New York: You've heard of "irrational exuberance", right? That's the expression Alan Greenspan coined more than a decade ago when he warned that investors could be bidding stock prices too high. His worry was that escalating asset values were trumping reality.

These days, the opposite seems to be the case. Call it "irrational pessimism", a fear that stock prices are headed in only one direction - lower and lower - because asset values and profits seem certain to fall.

But before buying into the notion that all is lost, it's worth remembering that stock indices today are almost exactly where they were in 1996 when then-Federal Reserve Chairman Greenspan issued his warning.

Investors ignored him then, pushing stocks higher for more than three years until the internet stock bubble burst in 2000. Now, a growing number of markets experts are saying the time may be near when the Cassandras of doom should also be ignored.

"You can get to emotional extremes in both directions of the market," said Hugh Johnson, chairman and chief investment officer of Johnson Illington Advisors. "Savvy investors think in those terms and they know how to get that to work in their favour."

By that, he points to the short-sellers who are playing a big role in what the market is doing today. They make money betting stocks will drop, and have set the tone in this current decline, which began after the market reached record highs in October 2007.

Peter Sorrentino, senior portfolio manager at Huntington Asset Advisors, takes that one step farther. "The shorts are staging raids on our companies," he said. "For the last two years, the best bet you could make on the market was against it."

Sorrentino knows that because his firm owns 6.4 million shares of GE, and he can't understand why the stock is trading where it is given that parts of the Fairfield, Connecticut-based company by his count are worth a lot more than where its shares are trading now.

He's convinced the shorts have made it tough for anyone in the market - at GE and beyond - to think positively because they could get burned. Therefore, investors have decided it is easier to follow than fight them, even if a company's finances say something else.

A case study of GE illustrates how this may be playing out. Even though GE is in many different businesses from jet engines to entertainment to lending, investors seem to be focused entirely on its finance arm, GE Capital. Once a major profit generator for the company, now there are worries that it is short on liquidity and could post big losses.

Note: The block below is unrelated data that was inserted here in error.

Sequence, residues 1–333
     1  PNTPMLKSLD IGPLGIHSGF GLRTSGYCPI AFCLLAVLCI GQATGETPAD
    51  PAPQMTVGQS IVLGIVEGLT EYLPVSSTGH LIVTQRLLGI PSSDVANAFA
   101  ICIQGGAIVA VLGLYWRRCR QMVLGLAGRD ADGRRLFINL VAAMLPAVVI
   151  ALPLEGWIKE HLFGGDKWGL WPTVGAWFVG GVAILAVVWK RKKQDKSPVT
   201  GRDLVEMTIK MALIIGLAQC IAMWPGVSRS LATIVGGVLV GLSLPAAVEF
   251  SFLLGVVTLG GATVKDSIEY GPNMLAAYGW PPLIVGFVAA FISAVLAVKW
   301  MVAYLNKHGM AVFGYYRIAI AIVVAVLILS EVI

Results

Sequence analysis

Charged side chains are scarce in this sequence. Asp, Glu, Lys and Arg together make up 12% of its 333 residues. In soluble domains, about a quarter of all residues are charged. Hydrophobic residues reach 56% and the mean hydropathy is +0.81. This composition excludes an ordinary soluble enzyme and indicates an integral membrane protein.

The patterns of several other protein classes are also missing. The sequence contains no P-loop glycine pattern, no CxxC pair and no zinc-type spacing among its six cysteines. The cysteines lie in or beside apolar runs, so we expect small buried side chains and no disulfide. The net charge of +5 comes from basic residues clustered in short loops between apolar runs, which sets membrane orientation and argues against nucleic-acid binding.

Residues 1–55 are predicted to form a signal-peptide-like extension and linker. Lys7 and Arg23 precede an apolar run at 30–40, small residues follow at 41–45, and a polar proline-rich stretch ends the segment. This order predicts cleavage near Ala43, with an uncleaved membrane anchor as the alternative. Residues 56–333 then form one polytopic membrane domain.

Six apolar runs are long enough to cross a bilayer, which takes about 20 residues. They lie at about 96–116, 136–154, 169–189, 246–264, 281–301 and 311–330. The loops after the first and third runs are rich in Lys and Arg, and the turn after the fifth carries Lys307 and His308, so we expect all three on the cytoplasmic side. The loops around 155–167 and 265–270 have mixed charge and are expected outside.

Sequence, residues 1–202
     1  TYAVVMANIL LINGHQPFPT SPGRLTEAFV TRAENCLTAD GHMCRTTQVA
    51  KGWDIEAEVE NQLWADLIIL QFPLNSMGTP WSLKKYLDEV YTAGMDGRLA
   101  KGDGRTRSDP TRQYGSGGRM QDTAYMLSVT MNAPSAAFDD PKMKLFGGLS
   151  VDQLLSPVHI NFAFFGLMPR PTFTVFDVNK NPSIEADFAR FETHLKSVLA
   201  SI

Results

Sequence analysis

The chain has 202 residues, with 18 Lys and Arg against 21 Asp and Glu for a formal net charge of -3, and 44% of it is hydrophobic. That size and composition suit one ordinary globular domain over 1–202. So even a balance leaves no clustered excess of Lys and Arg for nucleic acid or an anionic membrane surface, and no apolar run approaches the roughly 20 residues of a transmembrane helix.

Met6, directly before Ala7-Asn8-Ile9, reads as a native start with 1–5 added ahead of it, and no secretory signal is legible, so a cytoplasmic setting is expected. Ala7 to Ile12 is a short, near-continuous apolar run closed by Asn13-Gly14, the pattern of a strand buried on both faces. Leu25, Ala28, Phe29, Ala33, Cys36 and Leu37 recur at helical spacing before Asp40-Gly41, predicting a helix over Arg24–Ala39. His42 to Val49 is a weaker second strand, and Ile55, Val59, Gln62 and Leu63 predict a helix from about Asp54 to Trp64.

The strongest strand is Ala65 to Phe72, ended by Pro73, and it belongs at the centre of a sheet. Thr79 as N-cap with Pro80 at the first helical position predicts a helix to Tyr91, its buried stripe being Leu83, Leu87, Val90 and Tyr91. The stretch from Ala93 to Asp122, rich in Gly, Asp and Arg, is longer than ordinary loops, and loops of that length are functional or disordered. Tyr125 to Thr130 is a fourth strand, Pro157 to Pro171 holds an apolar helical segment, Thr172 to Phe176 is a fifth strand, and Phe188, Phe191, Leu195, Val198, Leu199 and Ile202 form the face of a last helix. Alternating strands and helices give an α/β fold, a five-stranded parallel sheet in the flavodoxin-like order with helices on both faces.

The shorts' efforts have then been backed by nervous individual investors who now have reason to sell since GE announced plans February 27 to cut its dividend for the first time since 1938 to save $9 billion a year. GE will pay shareholders a 10-cents-a-share dividend beginning in the third quarter, 68 per cent lower than the company's original plan of 31 cents.

All that selling is putting fund managers on edge, especially foreigners like sovereign wealth funds that had counted on GE as a safe investment. Of particular concern is whether GE's triple-A credit rating could be in jeopardy if its finance arm lacks capital.

All that shows how GE's stock has been ravaged by "irrational pessimism" - fed by the shorts but potentially without much to back it up.

The negative environment in the overall market is driving away prospective buyers, said Darin Newsom, senior analyst at the Omaha, Nebraska-based market information company DTN. "Right now no one wants to support this market," he said.

London (AFP) The London FTSE 100 will be seeking a quick recovery when traders return tomorrow after Europe's biggest stock market plunged nearly eight per cent to six-year lows last week.

London's FTSE 100 index of leading shares ended the week down 7.82 per cent, or almost 300 points, to 3,530.73 points, compared with the previous Friday.

The FTSE 100 had on Tuesday closed at its lowest level for six years by hitting 3,512.09 points, as markets worldwide were unsettled by fears for the world financial system and the ability of governments to overcome a deepening recession.

In Britain, "manufacturing data and survey continue to be dire, with the sector being hit very hard by sharply contracting domestic demand, deteriorating activity in key export markets, persistent very tight credit conditions and intense competition," said IHS Global Insight economist Howard Archer.